When I read about the Cavaliers, I'll bet I learn things about the Herndon side of the family as well.

Photos: Puritan courtesy Brookgreen Gardens, South Carolina
Cavalier courtesy Wikipedia.
Do click the pictures and see the stern Puritan, carrying his Bible, and the handsome Cavalier, with his sword, up close.

Update. It occurs to me that my grandmother's people were forced out of England by my grandfather's people. Then came the English Civil War, and Puritan rule. So, my grandfather's people were forced out of England by my grandmother's people. Sort of a hoot.


lilalia said...

I love it when you mentioned your relief that your family is "not unique or nuts". Doesn't that sum up our journey in life?

A very Merry Christmas to you and your family!

J at said...

I think Py read that book when he was at Penn...I certainly remember him having it lying around, and he did tell me a few things about the Puritans. But I hadn't done the genealogy thing back then, and I wasn't as interested as I would have been later.

I wish I had gotten into genealogy when I was on that coast...could have gone to see the graves, etc. But I did so much of it online, and I don't think those websites were really up and running at that point.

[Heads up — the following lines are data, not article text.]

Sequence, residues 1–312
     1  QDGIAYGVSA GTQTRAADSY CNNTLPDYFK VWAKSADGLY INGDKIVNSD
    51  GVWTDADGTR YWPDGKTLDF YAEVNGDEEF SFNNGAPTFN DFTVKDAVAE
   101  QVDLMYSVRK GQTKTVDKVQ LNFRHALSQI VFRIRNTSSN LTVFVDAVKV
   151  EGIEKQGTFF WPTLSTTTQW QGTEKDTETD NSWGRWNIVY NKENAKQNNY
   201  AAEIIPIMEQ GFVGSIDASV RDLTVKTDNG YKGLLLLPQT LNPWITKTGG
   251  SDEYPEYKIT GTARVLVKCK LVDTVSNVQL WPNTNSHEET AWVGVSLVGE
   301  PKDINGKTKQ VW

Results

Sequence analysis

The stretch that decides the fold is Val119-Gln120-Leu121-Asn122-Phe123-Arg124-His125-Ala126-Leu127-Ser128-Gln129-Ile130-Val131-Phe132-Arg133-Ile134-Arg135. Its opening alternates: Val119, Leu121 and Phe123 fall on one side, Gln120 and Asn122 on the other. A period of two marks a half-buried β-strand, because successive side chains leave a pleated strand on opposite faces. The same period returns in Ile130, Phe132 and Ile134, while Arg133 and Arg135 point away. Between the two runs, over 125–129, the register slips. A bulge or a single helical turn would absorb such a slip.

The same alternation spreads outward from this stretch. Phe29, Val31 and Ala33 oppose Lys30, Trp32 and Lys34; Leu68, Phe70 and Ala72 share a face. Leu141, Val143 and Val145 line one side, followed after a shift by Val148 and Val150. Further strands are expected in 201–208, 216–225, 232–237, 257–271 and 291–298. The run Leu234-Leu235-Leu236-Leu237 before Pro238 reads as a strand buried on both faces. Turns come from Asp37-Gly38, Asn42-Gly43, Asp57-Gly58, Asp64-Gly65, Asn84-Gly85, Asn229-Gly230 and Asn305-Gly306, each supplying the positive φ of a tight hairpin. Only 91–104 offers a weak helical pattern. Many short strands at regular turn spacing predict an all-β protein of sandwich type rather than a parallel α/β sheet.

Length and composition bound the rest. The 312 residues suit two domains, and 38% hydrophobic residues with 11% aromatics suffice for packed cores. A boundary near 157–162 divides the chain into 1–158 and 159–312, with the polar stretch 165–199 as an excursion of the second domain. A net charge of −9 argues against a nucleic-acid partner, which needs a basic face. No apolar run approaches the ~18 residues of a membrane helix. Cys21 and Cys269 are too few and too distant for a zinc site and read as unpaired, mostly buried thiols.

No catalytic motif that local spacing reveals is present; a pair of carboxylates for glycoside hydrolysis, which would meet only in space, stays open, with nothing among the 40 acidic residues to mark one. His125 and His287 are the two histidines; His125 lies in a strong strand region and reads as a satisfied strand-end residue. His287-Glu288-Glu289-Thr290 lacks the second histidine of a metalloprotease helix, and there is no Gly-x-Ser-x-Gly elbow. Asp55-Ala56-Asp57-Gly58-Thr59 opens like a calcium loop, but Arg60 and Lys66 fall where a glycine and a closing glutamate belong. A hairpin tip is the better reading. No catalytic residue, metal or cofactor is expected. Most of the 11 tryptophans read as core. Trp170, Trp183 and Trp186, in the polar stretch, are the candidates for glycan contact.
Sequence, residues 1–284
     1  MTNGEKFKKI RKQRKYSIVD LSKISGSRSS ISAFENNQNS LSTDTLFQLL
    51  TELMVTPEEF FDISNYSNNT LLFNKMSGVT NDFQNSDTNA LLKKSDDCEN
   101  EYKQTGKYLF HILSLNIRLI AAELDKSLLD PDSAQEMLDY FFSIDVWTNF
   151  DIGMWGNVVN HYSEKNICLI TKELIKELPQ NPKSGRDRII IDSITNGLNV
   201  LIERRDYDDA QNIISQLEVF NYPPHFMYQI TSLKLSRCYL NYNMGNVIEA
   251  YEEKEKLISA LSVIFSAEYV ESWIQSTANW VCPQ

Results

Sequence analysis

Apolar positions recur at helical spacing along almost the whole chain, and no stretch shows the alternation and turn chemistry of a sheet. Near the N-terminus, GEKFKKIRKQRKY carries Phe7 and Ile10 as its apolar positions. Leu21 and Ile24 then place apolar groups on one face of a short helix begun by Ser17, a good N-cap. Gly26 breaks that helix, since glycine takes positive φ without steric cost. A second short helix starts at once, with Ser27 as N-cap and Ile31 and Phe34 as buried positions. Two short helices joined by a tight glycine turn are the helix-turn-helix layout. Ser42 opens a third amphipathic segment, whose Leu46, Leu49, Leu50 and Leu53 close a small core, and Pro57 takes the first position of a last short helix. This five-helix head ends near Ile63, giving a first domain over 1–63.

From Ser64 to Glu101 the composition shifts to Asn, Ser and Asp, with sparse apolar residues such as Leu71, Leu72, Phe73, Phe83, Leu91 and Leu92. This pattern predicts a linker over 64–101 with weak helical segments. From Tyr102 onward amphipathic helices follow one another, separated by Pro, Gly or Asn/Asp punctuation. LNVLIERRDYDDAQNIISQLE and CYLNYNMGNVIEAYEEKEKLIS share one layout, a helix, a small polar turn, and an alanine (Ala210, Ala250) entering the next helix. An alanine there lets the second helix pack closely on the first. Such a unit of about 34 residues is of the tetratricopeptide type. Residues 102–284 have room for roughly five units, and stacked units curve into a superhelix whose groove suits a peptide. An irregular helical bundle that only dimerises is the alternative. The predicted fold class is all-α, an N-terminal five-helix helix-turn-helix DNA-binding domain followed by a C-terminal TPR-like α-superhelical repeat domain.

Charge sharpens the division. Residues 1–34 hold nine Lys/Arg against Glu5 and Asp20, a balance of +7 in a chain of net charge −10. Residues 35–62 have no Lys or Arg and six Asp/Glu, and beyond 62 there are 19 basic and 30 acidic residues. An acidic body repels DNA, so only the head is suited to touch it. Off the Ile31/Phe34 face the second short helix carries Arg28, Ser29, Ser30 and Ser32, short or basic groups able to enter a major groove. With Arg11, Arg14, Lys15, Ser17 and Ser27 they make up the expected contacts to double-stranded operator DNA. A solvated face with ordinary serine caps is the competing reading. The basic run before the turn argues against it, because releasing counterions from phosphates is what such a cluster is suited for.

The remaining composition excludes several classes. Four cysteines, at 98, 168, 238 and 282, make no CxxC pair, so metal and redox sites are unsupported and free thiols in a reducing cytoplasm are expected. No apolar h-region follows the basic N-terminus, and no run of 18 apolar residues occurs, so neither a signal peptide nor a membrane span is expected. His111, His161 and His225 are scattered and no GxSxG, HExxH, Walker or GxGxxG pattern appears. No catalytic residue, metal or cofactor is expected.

Anyway, yes, it is very interesting to find where the beliefs in a family can come from, and to understand a bit more about the folks that we might have written off as selfish or cruel.

Rain said...

When I got a short-term membership in a genealogy site, I was able to trace my father's family back to about 1712 in this country. They were evidently Huguenots and fled persecution. I had heard the story that four brothers left Europe and landed in Canada, spreading out with changing the spelling of their name from du Trieux to Trueax in my case. I wish I'd had more interest in genealogy earlier but I wasn't much into it and now on that side, I am the oldest one left alive. I might find second cousins or remote relatives if I went looking but figured it probably didn't matter a lot. Many did come to the US from persecution and then turned around and persecuted anybody not seeing it their way here. Amazing that being mistreated doesn't make someone kinder but it doesn't always.